A young couple welcomes their first child, but their biggest challenge comes over a decision to buy a coffee table. He wants this gaudy, glass-topped monstrosity, and she hates it, but his pride wins out and they bring it home. And then… an unspeakable tragedy. Some might argue that Caye Casas‘ 2022 feature (just released in the U.S. this year) isn’t exactly horror, but thinking that after actually watching it is utter nonsense. This thing is pure dread, distilled onto the screen and into our hearts in the form of anxiety, terror, and the slightest whiff of black comedy. It’s impossible to hold your breath for ninety minutes, but it feels like you’re doing exactly that while watching as the raw pain and tension creep throughout your body. This is amazing stuff, grim, shocking, stressful, and horrifying.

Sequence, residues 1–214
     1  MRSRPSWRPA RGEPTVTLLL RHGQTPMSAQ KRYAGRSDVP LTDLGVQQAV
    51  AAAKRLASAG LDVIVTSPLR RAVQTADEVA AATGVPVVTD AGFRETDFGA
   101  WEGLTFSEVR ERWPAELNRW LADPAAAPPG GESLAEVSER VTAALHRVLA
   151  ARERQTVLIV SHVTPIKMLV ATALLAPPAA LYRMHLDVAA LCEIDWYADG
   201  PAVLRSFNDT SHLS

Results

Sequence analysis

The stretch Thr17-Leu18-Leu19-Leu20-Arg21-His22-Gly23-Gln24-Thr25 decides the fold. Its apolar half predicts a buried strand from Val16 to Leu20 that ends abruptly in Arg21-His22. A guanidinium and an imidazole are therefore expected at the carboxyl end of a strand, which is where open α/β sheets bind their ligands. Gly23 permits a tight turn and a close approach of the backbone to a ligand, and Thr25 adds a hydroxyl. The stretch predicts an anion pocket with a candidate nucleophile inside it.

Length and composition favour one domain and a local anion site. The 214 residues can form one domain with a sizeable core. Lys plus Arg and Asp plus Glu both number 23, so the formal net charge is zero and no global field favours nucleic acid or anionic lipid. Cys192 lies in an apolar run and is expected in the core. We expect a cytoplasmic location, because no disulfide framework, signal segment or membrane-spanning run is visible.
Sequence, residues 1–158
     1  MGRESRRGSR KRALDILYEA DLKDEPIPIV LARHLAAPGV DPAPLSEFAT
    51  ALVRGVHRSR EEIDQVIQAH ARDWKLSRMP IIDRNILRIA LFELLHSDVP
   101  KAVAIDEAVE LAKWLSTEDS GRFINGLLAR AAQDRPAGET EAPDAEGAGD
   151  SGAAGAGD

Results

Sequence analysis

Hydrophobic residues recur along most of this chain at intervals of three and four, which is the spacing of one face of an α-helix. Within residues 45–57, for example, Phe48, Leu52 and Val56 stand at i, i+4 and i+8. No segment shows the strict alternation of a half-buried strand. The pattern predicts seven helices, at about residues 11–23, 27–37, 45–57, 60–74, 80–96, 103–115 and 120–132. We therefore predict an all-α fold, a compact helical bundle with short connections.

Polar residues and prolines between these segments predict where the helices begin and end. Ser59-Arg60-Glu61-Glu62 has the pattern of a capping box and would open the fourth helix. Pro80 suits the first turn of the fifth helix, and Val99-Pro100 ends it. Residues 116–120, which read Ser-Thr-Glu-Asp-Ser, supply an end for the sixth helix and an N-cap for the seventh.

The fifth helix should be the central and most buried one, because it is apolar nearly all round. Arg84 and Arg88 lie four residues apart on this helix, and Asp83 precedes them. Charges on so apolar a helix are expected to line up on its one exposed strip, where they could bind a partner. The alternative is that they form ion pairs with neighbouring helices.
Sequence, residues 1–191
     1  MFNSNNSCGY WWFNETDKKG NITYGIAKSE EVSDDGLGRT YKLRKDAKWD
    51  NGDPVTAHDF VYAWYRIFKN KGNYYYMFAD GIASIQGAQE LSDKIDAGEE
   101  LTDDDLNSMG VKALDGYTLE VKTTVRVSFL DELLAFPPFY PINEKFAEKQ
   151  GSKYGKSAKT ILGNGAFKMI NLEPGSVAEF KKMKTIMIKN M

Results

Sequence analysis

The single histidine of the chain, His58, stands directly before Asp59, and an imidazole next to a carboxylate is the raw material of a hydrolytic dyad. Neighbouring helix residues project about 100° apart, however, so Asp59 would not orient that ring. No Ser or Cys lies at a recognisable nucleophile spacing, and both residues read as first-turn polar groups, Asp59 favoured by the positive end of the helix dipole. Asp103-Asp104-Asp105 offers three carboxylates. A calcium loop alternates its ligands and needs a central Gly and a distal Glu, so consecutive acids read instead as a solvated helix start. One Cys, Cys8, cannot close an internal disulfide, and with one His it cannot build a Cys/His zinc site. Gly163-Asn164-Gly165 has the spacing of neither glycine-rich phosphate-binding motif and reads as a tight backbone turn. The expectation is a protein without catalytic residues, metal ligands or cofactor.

On DVD and VOD.


Exhuma (South Korea)

Exhuma

A Korean-American family falls victim to a supernatural danger, so they hire a pair of shamans to resolve the issue. So far so good, but giving rest to an unruly ghost is just the beginning of the monstrous threats they’ll face. Exhuma is a big, thrilling, richly detailed piece of folk horror with atmosphere, scares, and personality to spare. Writer/director Jang Jae-hyun chases his two previous religious horror films with a meaty genre tale weaving historical atrocities and supernatural beliefs into fantastical entertainment. We get detailed rituals and a richly layered belief system alongside ghostly chills and monstrous decapitations, and the resulting concoction is a fun genre treat that keeps on giving right through its numerous endings. Horror fans in general should seek it out, but those of you who count yourself as fans of the likes of The Wailing (2017) and It Comes (2018), run don’t walk to Exhuma immediately. I think you’re really gonna dig what it’s throwin’ down. [My full review.]

In theaters.


The First Omen